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Senate confirms Department of Health secretary 38-1

The state Senate confirmed Dr. Tracie Collins on Friday to become the next state Department of Health Cabinet secretary responsible for helping lead New Mexico out of a deadly pandemic through continued testing, tracing and vaccination.

Dr. Tracie Collins

Collins was confirmed by a 38-1 vote hours after she faced a grateful and supportive panel at the Senate Rules Committee, where she promised more equitable distribution of COVID-19 vaccines and defended the closure of some businesses as necessary to contain the virus and save lives.

Collins was recruited by Gov. Michelle Lujan Grisham for the job in late fall, when the state was at its “darkest hour” contemplating rationing medical care as a surge of new COVID-19 cases tested limited hospital capacity, said Dr. David Scrase, secretary of the state Human Services Department and chief medical advisor to the governor on the state’s COVID-19 response.

She is on indefinite leave from her post as dean of the University of New Mexico College of Population Health. Collins made it clear at her Senate Rules confirmation hearing Friday her priority was containing the virus, but said she hoped to tackle “other issues around health inequities.”

Asked about DOH data showing the low vaccination rate of minority populations in New Mexico, Collins said, “one of the issues … the initial rollout did not address equity appropriately.” She offered no details.

“And so we’re looking at where doses are going and wanting to make sure that for the most vulnerable populations, we have vaccine providers in those areas.”

The vaccine rollout came just as Collins joined the DOH as a secretary-designee. Back in December, the first group to be vaccinated were first responders, health care workers and those in long term facilities. Currently, those 75 and older and those 16 and older with a chronic health condition are eligible to be vaccinated.

She said the state has potentially more than 400 providers and currently 289 providers who have doses of the vaccine to administer, but wants to add providers in smaller, more remote communities.

At the Senate Rules hearing, Collins raised the issue of “vaccine hesitancy.”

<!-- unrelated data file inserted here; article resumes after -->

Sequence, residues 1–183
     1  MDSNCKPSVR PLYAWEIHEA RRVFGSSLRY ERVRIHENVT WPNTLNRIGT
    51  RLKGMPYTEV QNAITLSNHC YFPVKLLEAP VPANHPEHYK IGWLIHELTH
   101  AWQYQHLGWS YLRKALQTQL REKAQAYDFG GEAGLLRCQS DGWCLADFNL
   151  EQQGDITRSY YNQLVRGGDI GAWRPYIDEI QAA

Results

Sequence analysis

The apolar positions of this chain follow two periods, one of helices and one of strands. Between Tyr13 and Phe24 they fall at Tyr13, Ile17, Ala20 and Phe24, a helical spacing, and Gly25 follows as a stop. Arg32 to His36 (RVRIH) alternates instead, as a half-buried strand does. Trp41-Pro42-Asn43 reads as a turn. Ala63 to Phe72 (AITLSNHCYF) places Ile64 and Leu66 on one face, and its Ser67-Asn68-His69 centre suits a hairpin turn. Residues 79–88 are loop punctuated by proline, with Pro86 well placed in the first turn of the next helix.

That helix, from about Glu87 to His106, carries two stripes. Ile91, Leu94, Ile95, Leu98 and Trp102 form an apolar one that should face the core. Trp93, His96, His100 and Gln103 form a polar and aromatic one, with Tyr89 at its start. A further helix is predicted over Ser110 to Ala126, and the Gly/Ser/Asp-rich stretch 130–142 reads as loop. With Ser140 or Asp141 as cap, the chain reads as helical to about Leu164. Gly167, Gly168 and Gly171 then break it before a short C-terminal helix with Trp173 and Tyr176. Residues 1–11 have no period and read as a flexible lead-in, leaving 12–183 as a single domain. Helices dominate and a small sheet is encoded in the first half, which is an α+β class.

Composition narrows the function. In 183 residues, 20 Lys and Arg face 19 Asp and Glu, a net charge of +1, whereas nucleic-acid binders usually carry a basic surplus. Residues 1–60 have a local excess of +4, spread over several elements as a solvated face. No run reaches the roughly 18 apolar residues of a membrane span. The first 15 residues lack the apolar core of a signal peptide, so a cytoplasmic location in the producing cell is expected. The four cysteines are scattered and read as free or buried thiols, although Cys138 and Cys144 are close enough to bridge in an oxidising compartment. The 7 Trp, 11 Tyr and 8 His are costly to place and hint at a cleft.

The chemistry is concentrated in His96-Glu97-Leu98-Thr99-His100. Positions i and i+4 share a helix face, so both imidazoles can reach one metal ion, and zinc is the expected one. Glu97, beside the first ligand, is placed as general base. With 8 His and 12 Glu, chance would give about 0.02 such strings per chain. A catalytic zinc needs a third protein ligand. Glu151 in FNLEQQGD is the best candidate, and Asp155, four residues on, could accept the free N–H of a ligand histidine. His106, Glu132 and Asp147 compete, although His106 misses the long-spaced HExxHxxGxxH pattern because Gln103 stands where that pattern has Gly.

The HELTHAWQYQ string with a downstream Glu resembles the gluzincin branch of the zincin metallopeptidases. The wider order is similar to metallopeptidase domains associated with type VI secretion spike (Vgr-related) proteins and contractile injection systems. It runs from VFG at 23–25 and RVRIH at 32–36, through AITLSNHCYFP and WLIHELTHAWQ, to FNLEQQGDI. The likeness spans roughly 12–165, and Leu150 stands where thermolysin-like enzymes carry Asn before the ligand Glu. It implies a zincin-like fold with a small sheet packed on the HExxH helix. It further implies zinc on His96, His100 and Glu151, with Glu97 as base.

“It is very concerning. There’s a lot of history in our country, there’s structural racism, there’s a lack of trust of the health care system, and so we can’t expect because a pandemic has hit, that suddenly people are going to trust the health care system or want to actually receive a vaccine. So the onus is ours, the Department of Health and others, to work with these communities, to understand what their concerns are, to provide clear information on vaccines, on their efficacy and what we know and the value of them to save lives and to actually help those hardest hit, which are communities of color.”

Collins sounded hopeful about a third vaccine from Johnson & Johnson due to arrive in New Mexico in the coming weeks.

“The wonderful thing about Johnson & Johnson is it’s one dose, it has a good shelf life, there’s not the ultra cold storage issue.” That type of vaccine could be best “for people who are hard to reach, transient, who don’t stay in one place long enough, those populations,” she told the committee.

Sen. Peter Wirth, D-Santa Fe, thanked Collins for stepping up “at a moment when we really needed you to help all of us.”

Wirth asked her about the argument from some lawmakers that “we would have been just as good in New Mexico if we had just left all the businesses open, as some other states have done.”

From a “public health lens,” Collins responded, “if we think about the pandemic and what it could have done to our hospitals, health care had we not put in measures to contain it, we could have been overwhelmed beyond what we experienced with this recent surge. So we really have to think about what’s in the interest of keeping New Mexicans alive.”

Collins, who came to New Mexico in 2019 after serving as chair of the department of preventative medicine and public health at the University of Kansas, has “truly world-class level credentials,” said Dr. Michael Richards, vice chancellor for clinical affairs at the University of New Mexico. Her education and training includes fellowships at Harvard and Dartmouth College.

“You are by far the most qualified secretary of health we’ve ever had,” Sen. Mark Moores, R-Bernalillo, told Collins. “You are stepping into the breach at the worst possible time in modern history.”



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